The space was packed with a beautiful, humbling mix of architects, artists and accolades. The guys from Marvin’s temple, Venice-lifer Simon Maltby, artist Doug Edge, architect Jennifer Siegal, Tom, Gwynne—the stories of the man as diverse as the group.
Ahde Lahti who designed Rand’s essential tome on Irving Gill remembered a photo shoot about six months ago on a busy Los Angeles street that had no parking. Though Rand’s always-present van was full of camera equipment, and heart problems slowed him, Rand had no inclination to leverage the “handicap” notice in his windshield.
“He was devoted to his craft like no other photographer I have ever met,” said architect and Venice local Jennifer Siegal. “We spent one afternoon at my house together setting up to take one shot. It took us four hours to prepare… I learned more about architectural photography that day then any other.”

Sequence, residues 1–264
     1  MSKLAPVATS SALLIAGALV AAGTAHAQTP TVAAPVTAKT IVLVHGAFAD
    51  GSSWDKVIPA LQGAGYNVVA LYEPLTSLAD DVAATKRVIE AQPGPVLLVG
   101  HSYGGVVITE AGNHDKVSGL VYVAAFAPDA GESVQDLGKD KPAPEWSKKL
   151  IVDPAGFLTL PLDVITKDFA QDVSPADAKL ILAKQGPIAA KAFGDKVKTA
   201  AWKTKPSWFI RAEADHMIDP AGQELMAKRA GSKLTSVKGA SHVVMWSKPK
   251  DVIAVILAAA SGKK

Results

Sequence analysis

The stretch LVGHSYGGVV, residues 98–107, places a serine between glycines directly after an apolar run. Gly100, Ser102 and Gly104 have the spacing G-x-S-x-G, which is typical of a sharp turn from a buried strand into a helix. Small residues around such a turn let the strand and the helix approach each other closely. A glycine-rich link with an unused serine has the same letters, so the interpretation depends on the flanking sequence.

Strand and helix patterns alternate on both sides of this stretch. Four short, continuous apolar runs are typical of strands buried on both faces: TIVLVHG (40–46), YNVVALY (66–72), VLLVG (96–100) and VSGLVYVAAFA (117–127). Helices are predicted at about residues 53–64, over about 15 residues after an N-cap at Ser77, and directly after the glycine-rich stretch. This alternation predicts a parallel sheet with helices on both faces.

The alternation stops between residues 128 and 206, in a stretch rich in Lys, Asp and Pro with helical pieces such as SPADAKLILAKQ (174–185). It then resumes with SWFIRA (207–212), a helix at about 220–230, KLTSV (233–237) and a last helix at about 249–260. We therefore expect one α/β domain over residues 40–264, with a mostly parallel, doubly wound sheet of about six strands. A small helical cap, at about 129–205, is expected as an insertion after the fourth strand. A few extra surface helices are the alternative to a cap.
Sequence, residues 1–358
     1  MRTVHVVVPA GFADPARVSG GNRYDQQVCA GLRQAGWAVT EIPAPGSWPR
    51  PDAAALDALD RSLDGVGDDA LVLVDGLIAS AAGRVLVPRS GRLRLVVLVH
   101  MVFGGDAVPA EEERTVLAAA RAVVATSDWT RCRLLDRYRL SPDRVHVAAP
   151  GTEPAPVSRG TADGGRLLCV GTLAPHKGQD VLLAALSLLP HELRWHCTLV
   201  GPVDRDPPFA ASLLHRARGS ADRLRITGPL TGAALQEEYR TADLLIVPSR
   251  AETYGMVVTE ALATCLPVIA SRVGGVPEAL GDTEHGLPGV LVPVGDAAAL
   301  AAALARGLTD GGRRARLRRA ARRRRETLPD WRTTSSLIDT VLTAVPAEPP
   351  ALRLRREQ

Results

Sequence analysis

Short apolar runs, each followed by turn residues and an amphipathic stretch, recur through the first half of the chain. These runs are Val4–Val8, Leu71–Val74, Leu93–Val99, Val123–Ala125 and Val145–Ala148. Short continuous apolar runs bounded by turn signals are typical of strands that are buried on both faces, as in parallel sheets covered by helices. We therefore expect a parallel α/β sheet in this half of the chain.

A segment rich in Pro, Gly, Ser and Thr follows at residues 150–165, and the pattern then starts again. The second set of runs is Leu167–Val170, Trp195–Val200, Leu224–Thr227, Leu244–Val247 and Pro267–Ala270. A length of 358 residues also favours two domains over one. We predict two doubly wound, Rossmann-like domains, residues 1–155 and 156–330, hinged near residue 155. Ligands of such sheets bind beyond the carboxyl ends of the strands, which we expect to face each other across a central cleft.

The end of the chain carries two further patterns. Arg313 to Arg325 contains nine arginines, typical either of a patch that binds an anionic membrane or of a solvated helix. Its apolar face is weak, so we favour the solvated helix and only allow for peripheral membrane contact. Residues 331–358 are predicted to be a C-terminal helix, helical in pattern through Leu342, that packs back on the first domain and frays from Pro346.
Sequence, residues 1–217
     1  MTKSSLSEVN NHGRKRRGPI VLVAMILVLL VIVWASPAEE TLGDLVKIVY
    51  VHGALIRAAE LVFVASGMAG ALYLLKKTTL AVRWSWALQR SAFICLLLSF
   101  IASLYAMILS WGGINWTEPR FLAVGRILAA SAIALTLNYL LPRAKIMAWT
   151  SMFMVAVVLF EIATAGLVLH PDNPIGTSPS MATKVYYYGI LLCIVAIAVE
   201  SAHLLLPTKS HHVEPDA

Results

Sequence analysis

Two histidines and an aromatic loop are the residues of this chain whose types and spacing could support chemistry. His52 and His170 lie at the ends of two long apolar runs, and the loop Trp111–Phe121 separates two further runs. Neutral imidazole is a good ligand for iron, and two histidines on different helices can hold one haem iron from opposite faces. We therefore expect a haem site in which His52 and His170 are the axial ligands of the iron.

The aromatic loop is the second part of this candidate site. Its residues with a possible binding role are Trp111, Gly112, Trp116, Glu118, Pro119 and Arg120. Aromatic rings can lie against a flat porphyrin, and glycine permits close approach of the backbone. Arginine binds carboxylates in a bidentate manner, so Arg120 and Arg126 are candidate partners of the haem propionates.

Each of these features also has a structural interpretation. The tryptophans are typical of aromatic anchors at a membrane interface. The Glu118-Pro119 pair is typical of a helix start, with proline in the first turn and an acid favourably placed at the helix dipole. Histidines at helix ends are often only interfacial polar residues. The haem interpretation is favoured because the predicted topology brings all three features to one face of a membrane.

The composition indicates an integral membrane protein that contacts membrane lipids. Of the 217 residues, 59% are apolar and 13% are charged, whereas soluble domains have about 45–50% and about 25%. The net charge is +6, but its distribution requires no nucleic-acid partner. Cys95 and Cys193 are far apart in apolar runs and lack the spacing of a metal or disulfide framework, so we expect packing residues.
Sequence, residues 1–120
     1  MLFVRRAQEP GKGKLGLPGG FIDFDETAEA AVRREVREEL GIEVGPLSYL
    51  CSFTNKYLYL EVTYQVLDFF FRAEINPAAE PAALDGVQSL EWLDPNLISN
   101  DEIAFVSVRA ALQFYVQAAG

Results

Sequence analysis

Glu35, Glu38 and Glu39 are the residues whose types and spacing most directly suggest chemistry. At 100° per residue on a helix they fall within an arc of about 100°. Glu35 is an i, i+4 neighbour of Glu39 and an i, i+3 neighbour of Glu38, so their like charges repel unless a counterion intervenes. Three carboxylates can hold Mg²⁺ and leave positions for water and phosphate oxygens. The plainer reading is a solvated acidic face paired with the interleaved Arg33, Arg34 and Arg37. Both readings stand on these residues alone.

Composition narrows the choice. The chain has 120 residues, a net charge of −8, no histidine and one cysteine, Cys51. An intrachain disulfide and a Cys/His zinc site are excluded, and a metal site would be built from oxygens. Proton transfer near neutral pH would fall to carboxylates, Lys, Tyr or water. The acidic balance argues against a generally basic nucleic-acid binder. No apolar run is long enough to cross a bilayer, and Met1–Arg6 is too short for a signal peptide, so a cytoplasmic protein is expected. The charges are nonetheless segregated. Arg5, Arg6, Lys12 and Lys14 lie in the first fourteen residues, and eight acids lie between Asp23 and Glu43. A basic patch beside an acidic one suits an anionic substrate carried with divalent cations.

“Marvin was the quiet genius,” said Jack Hoffmann told us as he advocated that Marvin be honored in these pages. “He spent hours in our office just getting to know it… Intimacy was at the heart of his work. He adjusted lighting up and down to perfect the pose of the design but his eyes always shone bright. He savored his moments and was intimate with his subject. He used architecture like the allure of a naked woman posing it to catch all the subtle nuance necessary to have anyone able to feel it is theirs, within reach, personal and extended it to the spiritual. He was an artist. Shining his light into the cavities of the world, he introduced emerging space to the world like birth.”
We will admit we had not know that Maltby and Marvin knew each other. “What are you talking about!?!,” demanded Maltby, “He photographed everything I ever did.”